A surprising new proposal from the nation's pediatricians. The American Academy of Pediatrics says cholesterol is not just something for mom and dad to worry about, but every child should be screened by age 2 especially if there is a family history.
The AAP says just as heart disease and diabetes are on the rise, so is high cholesterol in young children. "We're looking at an explosion of obesity and overweight in our children. And we're starting to see what we used to think of as adult diseases - now occurring in the pediatric population. It's not uncommon for me to see a sweetened beverage - a soda in a baby bottle. It's not uncommon for me to hear that the first food a child ate was a french fry," said Dr. Francine Kaufman, Children's Hospital of L.A., Professor of Pediatrics.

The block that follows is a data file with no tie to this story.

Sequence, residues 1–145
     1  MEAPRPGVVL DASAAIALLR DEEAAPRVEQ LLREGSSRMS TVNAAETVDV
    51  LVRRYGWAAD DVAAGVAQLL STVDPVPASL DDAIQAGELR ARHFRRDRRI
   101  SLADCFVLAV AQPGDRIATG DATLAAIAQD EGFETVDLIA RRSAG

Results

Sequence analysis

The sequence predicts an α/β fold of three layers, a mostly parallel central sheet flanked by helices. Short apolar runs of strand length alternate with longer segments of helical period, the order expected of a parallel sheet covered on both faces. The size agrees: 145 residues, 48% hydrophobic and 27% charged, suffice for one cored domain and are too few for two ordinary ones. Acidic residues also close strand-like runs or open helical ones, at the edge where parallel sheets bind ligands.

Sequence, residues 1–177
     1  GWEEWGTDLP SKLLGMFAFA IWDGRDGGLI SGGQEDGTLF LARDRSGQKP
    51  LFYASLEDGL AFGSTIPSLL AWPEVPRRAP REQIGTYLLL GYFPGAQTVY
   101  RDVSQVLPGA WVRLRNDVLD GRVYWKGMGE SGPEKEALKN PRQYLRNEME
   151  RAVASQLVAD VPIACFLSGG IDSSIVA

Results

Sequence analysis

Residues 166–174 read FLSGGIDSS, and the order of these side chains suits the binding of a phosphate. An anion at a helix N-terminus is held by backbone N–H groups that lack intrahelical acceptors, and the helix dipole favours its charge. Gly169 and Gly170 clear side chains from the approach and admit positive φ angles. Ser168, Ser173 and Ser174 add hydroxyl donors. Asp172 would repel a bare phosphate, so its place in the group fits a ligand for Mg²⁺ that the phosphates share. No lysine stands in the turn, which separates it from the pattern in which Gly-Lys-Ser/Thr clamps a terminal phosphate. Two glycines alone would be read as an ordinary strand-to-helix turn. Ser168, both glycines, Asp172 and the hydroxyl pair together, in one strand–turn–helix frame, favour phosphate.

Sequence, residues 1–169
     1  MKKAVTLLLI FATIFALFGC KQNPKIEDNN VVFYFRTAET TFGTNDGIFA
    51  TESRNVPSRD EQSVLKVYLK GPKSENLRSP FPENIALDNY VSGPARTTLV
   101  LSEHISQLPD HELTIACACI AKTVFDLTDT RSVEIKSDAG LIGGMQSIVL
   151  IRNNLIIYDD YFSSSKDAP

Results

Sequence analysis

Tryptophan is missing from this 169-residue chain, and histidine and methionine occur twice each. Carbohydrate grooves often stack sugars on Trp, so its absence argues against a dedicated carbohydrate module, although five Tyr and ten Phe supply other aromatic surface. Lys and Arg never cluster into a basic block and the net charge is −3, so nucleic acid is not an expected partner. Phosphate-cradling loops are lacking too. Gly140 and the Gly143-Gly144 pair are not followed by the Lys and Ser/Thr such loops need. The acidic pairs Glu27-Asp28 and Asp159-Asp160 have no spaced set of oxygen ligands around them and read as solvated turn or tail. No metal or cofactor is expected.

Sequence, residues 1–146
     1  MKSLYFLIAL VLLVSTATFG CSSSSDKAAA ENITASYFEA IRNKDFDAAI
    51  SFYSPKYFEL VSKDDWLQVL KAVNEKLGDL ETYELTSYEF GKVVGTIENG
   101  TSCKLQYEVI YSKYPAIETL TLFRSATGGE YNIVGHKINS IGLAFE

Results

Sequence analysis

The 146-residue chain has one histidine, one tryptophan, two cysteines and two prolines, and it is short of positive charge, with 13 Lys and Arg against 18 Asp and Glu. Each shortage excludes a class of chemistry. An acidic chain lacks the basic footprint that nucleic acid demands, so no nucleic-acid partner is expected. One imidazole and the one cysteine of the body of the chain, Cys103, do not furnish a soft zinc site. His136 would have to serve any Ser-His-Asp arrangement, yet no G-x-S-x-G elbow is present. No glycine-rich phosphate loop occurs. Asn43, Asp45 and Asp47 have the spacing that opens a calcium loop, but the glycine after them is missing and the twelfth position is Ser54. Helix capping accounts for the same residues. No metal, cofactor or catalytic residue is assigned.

The new cholesterol screening guidelines are designed to pick up those high risk kids early in life and target preventions early too. That may help them avoid life threatening complications later.
So what will happen if a child is identified with high cholesterol? The AAP says statins, or cholesterol lowering drugs, may be needed for high risk children when nothing else has worked to bring it down.